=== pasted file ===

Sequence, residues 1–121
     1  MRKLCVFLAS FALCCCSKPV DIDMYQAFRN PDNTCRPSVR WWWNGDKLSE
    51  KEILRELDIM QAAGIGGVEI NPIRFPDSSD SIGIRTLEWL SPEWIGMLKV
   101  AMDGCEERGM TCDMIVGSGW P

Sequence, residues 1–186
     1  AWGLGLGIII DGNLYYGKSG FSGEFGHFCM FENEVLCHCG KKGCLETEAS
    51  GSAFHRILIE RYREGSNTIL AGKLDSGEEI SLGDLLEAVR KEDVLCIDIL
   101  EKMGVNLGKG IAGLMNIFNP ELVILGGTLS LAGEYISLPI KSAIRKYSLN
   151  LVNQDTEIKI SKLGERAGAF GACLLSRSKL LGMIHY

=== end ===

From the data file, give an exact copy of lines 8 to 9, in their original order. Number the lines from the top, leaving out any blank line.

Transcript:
   101  EKMGVNLGKG IAGLMNIFNP ELVILGGTLS LAGEYISLPI KSAIRKYSLN
   151  LVNQDTEIKI SKLGERAGAF GACLLSRSKL LGMIHY